AUSTIN, Texas — Asian American communities are calling for more widespread recognition of the racism and discrimination Asian Americans face in the U.S. in the wake of the shootings in Atlanta that left eight people dead, including six women of Asian descent.
The rampage garnered national attention, but many Asian Americans have expressed anger that it took deadly violence for anti-Asian violence to be widely acknowledged, especially given the spike in discrimination Asian Americans have faced since the beginning of the pandemic.
A group called Stop AAPI Hate (Asian American Pacific Islander) reported there were nearly 4,000 incidents of discrimination targeting people of AAPI backgrounds from March 2020 to February 2021, but says that is likely an undercount.
Texas ranks fourth in the list of states with the highest number of hate incidents targeting Asian Americans, a statistic that was heartbreaking, but not all that surprising for Hailey Easley, a 32-year-old woman who grew up in Abilene, Texas.
Easley's mother is Mexican, while her father is Korean, and she says she frequently experienced discrimination growing up.
“It was pretty lonely and kind of alienating," said Easley.
She says growing up as one of a small number of Asian Americans in Abilene, she was always reminded she was different.
“I got made fun of a lot. I got stereotyped a lot. It was hard," said Easley.
She says the overwhelming feeling was that she didn’t belong.
“I think the hard thing about it is that a lot of the times, it's more like micro-aggressions than it is just straight-up like blatant racism," said Easley. "Just like the day-to-day things where you can't quite put your finger on it. That's kind of the most damaging. When I was a kid I didn't really understand the dynamics of race or gender or really any of that, and so I just took it to mean that there was something inherently wrong with me.”
Eric Tang, the director of the Center for Asian American studies at UT Austin, says Easley's experience is far from unusual.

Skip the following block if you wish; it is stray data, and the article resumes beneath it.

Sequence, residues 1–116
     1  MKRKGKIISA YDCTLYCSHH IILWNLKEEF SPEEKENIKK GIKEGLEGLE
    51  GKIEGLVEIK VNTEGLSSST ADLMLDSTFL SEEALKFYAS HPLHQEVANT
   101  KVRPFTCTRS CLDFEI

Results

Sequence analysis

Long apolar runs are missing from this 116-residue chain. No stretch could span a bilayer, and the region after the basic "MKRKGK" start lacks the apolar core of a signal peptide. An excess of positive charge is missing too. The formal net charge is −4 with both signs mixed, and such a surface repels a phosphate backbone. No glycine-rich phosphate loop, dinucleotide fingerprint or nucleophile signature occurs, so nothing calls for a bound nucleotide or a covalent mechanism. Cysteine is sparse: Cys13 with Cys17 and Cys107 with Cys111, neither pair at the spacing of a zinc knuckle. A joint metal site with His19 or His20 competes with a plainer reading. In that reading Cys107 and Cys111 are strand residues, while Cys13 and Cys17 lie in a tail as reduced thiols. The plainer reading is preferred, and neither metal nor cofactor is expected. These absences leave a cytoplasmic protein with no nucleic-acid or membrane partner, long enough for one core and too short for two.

“What I'm seeing is the impact of a generation that has been told that the racism they're experiencing, isn't racism at all, that it's all in their heads," said Tang.
Easley says the problem is reinforced by institutions. She’s the executive director of the Austin Asian Community Health Initiative, a nonprofit that helps people of Asian descent access health care.
She says most of their clients are low-income immigrants who often don’t speak English.
“The fact that we can’t even change a menu option to provide the language that they need in order to get an appointment for their diabetes medication, for their flu shot…I feel so frustrated with the situation because it's like we, our institutions communicate at every level that Asian lives are not as valuable as others," said Easley.
Anti-Asian racism in the U.S. goes back generations, from the 1882 Chinese Exclusion Act, to the internment of Japanese Americans during World War II, to today.
“For the past year we've, Asian Americans have lived in a climate of rising anti Asian rhetoric, hatred and violence," said Tang. "One of the distinct characteristics of anti-Asian violence is that it's not taken seriously. That Asians aren't looked at as people who really suffer from racial oppression. One of the things that we have to brace ourselves for, in addition to the violence itself, is the gaslighting. The being told that this isn't really a hate crime. This isn't racism, this isn't misogyny. We can't even be fully available to ourselves, because the rest of the public is telling us that what we're feeling isn't real. And I think that's part of the violence that defines anti-Asian racism."
Through her job, Easley works with the people who are most vulnerable to these types of attacks.
She says she feels heartbroken, but also angry that it took a man shooting and killing eight people in Atlanta, including six working class Asian women, for society to recognize the reality of anti-Asian racism today.
“There doesn't have to be verbiage to identify something as a hate crime when it's very clearly targeting a certain group of people," said Easley. "It’s unfair, it’s unjust. I also feel fear, you know, like fear for myself and also my sister and my, my team. Most of them are Asian American and most of them are women.”
Moving forward, Easley says, "Listen to Asian Americans when they do speak out,” before more lives are lost.